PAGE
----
Wednesday, December 2, 2015

An unfocused rambling look at problem powers

SYSTEM: SUPERS! REd

There's a post on the Supers! board about problem powers, and since I can't get to the board from work, I thought I'd pontificate here.

My first thought, deliberately contrarian, is, "What problem powers?"

In one sense, the player chose it and you agreed to it, so there shouldn't be a problem. An attitude of letting everyone be excellent at something goes a long way toward this—everybody playing wants to be cool at some point, and they should. It's a superhero game, not a game of existential failure. So, yeah, in an ideal world, there would be no problem powers, and you see that in games where the powers are purely narrative.

At least, in some games all powers are equally the same amount of problem—the powers can be limited by the fictional reality more than the game mechanics (or the game mechanics refer to the fictional reality, I guess). Marvel Heroic Roleplaying approaches that kind of game, I think. So does Masks.

But it's not an ideal world. For Supers! and ICONS and Mutants & Masterminds and DC Heroes and so on, there can certainly be problem powers.

I think that problem powers are rare, but if you're in a problem situation, it won't seem that way. Problem powers are really a combination of things, because for some groups or some players, these problems aren't problems at all. It's an intersection of player, GM, character, and the way the power is written.

It seems to me, though, that the problems happen when this power wrecks the fun of players (including the GM). Some powers make things too easy in a way that the GM didn't anticipate; some powers destroy niche protection so that no other character is special; some powers have consequences that are just mind-blowing. This was suggested in the Supers! thread: what if a character with time travel wants to pop back in time to the beginning of the fight and change the conditions? I doubt you planned the fight with that in mind.

Off-hand, I can think of the following problem powers, in no particular order.

Time Control. Usually the base form (speed yourself up or slow others down) isn't too bad...it becomes a pain when you introduce time travel into the mix. What if someone wants to pop back two combat rounds and help himself? What a book-keeping pain.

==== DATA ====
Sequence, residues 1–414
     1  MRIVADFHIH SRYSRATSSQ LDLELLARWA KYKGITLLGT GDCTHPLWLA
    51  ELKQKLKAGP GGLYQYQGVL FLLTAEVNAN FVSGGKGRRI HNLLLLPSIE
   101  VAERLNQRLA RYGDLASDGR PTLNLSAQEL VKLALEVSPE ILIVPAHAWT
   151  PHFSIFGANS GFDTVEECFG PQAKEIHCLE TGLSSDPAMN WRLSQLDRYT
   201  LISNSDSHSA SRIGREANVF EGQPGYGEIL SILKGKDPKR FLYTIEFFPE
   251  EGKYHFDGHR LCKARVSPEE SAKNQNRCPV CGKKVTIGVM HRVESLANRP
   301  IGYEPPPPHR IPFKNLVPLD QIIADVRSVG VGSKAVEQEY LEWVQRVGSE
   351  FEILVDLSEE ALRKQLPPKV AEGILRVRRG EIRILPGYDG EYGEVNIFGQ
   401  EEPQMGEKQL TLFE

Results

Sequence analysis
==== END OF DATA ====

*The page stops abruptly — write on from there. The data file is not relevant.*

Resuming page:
Telepathy. It's really difficult to run any kind of mystery when the character can casually walk in and read minds. "Ah, Ozymandias killed the Comedian. Concentrate your search there."

Wizardry. How do you preserve any kind of niche protection when one character can do anything?

It's true too that some powers are fun-sucking when taken to the logical extreme. There's a lovely piece out there about how control of feces would be an incredible super power. Or the ability to speed up time on others is horrific if you limit it to chemical reactions, or grant them half the power of the Speed Force but not the "protects your body" part, so they rip themselves in two. Those would be problem powers.

The solutions or workarounds that I've heard of or used are:

  • The power is off the table. This is the easiest for the GM to use. If the power+player combination is problematic, don't allow it. As Gerry Saracco said in the thread on the Supers! board, just because the power is in the book doesn't mean you have to allow it. This has the advantage that everyone sees it and everyone understands it. The disadvantages are that cool ideas from non-problem players can be dropped on the floor, or that you didn't know that the power was going to be a problem when you okayed the character.
  • The power has limitations. This is the opposite tack and it can be applied retroactively. For some reason, the character can't do those game-breaking things. Steve Kenson has explicitly said this about Super-Speed in Mutants & Masterminds—the superfast character doesn't clean up the entire fight before anyone gets there because that's not the way things happen in the comics. It's a genre limitation.